Thailand’s hotel and retail shares have plunged in the wake of a third Covid wave caused by the fast-spreading UK strain of the virus, which quickly spread from clusters of clubbers and partiers in Bangkok and Phuket.
Entertainment venues in 41 provinces have been ordered to shut down for the next two weeks starting today (April 9); while travel restrictions have also begun being implemented on a province-by-province basis.
Some provinces like Nan, Khon Kaen and Chiang Mai now require those who come from red zones like Bangkok and its surrounding areas to undergo a 14-day quarantine. Meanwhile, Trang province requires visitors to present a negative Covid-19 test result prior to travel.
Others, like Samui, have been more lenient, saying only travellers from the three worst-hit districts of Bangkok need quarantine and that travellers from elsewhere will only be sent to the hospital if they show symptoms of being ill on arrival.
The Thai government has added additional days to this year’s Songkran holiday to stimulate domestic travel, but many travellers have either started to cancel their plans amid the uncertainty, or been forced to, given the new provincial travel restrictions.
The travel sector is divided over whether travel restrictions should be implemented ahead of Songkran.
Marisa Sukosol Nunbhakdi, president of the Thai Hotels Association, opined that inter-provincial travel should be permitted over the holidays, in order to catalyse the economy. She added that this year’s frequent stops and starts in domestic tourism prompts the need for a more proactive inoculation plan.
“We cannot stop operations every time a new cluster causes the government to impose strict restrictions. The most urgent need right now is a proactive strategy for the country’s public inoculation,” she told the Bangkok Post.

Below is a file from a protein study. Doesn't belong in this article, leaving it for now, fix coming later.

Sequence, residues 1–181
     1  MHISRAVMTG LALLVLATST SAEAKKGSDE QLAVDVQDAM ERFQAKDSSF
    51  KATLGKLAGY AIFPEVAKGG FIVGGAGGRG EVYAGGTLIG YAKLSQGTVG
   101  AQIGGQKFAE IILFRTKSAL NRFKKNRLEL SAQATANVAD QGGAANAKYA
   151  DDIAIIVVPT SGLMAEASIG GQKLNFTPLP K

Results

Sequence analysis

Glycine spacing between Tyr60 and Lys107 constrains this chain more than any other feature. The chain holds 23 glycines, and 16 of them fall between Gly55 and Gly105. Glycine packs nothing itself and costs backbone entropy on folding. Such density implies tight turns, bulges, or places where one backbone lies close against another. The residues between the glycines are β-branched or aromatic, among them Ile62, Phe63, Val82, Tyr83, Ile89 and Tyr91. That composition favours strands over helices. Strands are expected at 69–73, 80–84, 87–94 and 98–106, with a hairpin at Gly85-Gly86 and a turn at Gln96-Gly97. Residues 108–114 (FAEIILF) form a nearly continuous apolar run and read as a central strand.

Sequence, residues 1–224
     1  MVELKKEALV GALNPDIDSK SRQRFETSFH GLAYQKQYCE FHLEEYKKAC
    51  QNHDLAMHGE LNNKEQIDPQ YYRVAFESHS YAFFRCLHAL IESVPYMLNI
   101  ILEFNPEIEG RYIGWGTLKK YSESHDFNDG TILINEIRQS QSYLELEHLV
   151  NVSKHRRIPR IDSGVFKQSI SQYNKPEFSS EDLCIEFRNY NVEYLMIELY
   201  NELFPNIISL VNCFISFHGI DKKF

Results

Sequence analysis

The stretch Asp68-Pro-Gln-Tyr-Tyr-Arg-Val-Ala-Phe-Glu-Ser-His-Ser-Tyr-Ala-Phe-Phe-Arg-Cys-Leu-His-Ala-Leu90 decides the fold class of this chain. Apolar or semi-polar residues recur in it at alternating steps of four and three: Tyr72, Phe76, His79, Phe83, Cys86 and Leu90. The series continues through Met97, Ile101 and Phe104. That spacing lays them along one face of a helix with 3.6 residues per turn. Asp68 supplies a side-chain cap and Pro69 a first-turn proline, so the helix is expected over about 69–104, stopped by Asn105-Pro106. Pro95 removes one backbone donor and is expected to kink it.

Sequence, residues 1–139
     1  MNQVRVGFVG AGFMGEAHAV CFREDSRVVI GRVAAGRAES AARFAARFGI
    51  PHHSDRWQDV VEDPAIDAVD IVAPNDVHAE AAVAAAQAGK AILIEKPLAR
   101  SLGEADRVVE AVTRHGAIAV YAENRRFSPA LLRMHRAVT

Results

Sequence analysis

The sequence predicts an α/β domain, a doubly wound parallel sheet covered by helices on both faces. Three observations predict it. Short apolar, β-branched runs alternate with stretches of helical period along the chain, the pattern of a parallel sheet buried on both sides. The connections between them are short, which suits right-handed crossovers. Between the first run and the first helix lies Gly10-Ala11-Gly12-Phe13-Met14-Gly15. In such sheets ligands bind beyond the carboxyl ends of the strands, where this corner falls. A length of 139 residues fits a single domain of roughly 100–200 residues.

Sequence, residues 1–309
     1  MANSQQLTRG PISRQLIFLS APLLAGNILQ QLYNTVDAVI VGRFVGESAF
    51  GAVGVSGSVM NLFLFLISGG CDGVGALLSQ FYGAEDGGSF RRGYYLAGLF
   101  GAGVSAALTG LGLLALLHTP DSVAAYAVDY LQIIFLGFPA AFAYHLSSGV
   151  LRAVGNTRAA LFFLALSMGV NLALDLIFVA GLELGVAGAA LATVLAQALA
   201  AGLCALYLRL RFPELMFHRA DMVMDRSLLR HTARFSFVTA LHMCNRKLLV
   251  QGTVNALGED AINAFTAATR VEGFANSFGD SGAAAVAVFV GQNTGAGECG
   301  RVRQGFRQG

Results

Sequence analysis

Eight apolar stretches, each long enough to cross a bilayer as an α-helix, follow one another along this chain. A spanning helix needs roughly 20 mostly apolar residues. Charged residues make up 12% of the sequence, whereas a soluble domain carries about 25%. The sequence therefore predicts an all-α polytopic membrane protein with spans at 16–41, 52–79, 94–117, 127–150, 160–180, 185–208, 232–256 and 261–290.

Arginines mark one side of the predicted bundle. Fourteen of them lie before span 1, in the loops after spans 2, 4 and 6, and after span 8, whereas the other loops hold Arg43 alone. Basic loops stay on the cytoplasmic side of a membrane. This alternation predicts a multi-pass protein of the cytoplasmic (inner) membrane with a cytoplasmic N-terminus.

Meanwhile, domestic airlines like Thai Lion Air and Thai Air Asia (TAA) are urging travel restrictions. TAA shared that while their average load factor is 80-85 per cent over the beginning of the Songkran holidays, they would rather prioritise long-term benefits over short-term revenue. “There won’t be a third wave if the government can stop it earlier,” Tassapon Bijleveld, executive chairman of Asia Aviation, TAA’s largest shareholder, told the Bangkok Post.
The Centre for Covid-19 Situation Administration (CCSA) has the authority to issue a countrywide travel ban, but has not done so thus far. Last month, prime minister Prayut Chan-o-cha stated that Songkran travel is needed for the economy, but urged travellers to be vigilant and careful of infecting their vulnerable elderly relatives.
Privatisation of vaccines
Stephan Vanden Auweele, chief hospitality group officer at Asset World Corporation (AWC), shared that many in the private sector would happily support the government’s vaccination drive, and that the cost of vaccines is minute compared to the potential business impact and fallout that the industry will have to shoulder.
“At the end of the day, if we could buy (vaccines), we would – but we cannot (currently). If the vaccines do become available, we’d be happy to support the government and to help the country and the restart of tourism. I think the private sector could play a bigger role if (the government) would allow us to come in,” he stated.
He also said that the Federation of Thai Industries is currently lobbying very hard to see private vaccinations. “It’s about joining forces rather than competing with each other. We’re all here for the same thing, to help the country and the people, and obviously, to get the (tourism industry) back on track,” he added.
So far, AWC’s hotels have not seen a lot of cancellations. “There has been a little bit of impact so far, but not on a massive scale. We don’t know if (the cancellations) will come, because the governors of various provinces are still (in the midst of issuing) statements. If travel restrictions are confirmed, people will not go to those destinations,” he elaborated.
The UK Covid-19 strain is reportedly more virulent and more deadly. Local media reported today (April 9) that three inmates in a Bangkok prison have died from Covid-19. The CCSA also stated that it is considering asking people to work from home for the remainder of April.
The country is currently grappling with the shortage of hospital beds to accommodate Covid patients, with local media reporting that the military is planning to set up 10 more field hospitals, and that some private hospitals in Bangkok have stopped doing Covid-19 testing as they have run out of test kits and beds.